google country's experience

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Case 5 Analysis – Google’s Country Experience: France, Germany, Japan Background Summary
Founded on September 4, 1998 Google quickly revolutionized the search engine and the Internet alike. Within two years of starting operations Google had become the largest single search engine in the world and began to dominate the market. As the World Wide Web (web) grew in popularity and became more and more a part of everyone’s daily life, Google too grew in popularity “because it could provide simple, fast, and relevant search results” (Deresky, 2011). The differentiating factor was Google’s “PageRank technology which displays results…by looking for keywords inside web pages, but also gauging the importance of a search result based on the number and popularity of other sites that linked to the page” (Deresky, 2011). The use of Google has always been free to the user, the two revenue-generating avenues that have made Google one of the most profitable companies of the last decade is advertising and selling its technology. Google’s advertising branch is called AdWords and allows those wishing to advertise to “create ads and choose keywords, which are words or phrases related to the business. When people search on Google using keywords, ads appear next to or above search results” (Google.com). With the rapid success experienced in the U.S., Google quickly grew their business into the global arena by offering search results in hundreds of languages and being available on hundreds of different domains. This expansion helped to significantly increase Google’s revenues and made its IPO launch in 2004 possible. As Google began to dominate search engine market share in France, Germany, and Japan, it created concern and ultimately distrust of the U.S. domination that was taking place in their countries. This distrust led to lawsuits on the grounds of copyright infringement by multiple companies in France who were ultimately successful in the French courts. This perceived dominance by the U.S. and distrust of Google sparked nationalism in France, Germany, and Japan all of whom are attempting to develop search engines to outdo Google.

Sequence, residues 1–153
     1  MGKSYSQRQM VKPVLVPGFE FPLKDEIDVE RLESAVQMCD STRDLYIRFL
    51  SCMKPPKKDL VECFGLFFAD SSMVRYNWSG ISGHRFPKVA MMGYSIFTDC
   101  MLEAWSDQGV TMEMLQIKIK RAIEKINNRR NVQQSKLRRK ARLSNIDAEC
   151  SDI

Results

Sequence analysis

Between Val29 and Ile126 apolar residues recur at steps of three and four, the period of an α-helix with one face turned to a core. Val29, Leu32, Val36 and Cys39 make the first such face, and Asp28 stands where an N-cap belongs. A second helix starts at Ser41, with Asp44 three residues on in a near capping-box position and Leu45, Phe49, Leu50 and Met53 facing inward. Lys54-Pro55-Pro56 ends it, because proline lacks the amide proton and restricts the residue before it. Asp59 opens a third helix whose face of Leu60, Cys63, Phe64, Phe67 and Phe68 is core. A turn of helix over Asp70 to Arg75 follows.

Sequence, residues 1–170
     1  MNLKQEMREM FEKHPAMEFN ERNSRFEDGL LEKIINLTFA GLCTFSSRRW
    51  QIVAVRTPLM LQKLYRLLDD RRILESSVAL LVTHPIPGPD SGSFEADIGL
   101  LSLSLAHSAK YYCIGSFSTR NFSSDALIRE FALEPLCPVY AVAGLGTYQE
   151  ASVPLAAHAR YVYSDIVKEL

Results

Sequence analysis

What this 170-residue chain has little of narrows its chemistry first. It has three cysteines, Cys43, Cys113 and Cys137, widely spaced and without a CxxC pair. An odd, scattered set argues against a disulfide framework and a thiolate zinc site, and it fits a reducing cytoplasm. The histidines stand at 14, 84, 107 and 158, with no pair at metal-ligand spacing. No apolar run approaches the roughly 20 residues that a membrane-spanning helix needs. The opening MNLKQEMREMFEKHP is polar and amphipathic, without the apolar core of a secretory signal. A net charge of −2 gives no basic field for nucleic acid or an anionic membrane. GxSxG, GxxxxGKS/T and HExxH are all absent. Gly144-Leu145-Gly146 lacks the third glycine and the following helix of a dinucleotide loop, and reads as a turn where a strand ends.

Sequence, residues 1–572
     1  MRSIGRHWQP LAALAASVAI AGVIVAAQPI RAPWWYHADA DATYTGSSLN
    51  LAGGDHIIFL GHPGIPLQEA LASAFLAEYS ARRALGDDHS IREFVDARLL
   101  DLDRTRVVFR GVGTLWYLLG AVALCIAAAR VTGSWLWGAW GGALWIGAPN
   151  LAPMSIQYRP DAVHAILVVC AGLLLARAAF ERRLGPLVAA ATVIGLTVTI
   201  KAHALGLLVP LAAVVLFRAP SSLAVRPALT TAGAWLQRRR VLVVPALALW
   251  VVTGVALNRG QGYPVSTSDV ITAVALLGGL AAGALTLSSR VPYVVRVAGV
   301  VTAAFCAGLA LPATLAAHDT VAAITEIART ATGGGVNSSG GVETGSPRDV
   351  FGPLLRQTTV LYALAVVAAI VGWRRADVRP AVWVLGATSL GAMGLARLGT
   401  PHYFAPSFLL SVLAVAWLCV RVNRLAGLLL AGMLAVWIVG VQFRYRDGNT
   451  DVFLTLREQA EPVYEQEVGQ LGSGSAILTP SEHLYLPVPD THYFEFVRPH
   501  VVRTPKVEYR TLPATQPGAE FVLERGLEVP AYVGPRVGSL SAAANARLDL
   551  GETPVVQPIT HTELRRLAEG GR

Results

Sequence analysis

Issues Facing Google
Issue 1 – Google did not exercise due diligence before entering the global market and did not partner with a local entity. The lack of research and development caused a major failure for Google’s entrance to France, Germany and Japan. Not partnering with a local entity led to unsuccessful bridging to cultural barriers which led to many mistakes. Starting with France, Google began growing rapidly by facilitating a direct point of contact to the French businesses. Google started targeting by language, by country and by keyword in its advertising programs. Soon, Google became the dominant search engine in France and offered services in regional French dialects. One of the biggest mistakes Google made was doing research about its competitors and not preparing itself for any downfalls. As the case explains,”Europe’s patchwork of language and cultures was seen as an advantage by companies, seeking to break into the search market to complete with Google, by entering demand for locally focused search”. The French and German governments reacted with plans to developing their country-specific search engines. The French and German Governments put for the Quaero plan, which was endorsed by President Chirac and the German chancellor Gerhard Schroder, and “would be superior to existing search engine technology” (Deresky, 2011). The lack of research before entering Germany caused Google to have a very threatening, aggressive, unfaithful and evil behavior. If Google had done its research in advance, they would have never entered Germany with the Gmail, free email account, name in the first place to avoid any conflicts with the country. This caused the Google not only to have a bad reputation, but it also lost trust. The German and French government developed the Agency for Industrial Innovation...
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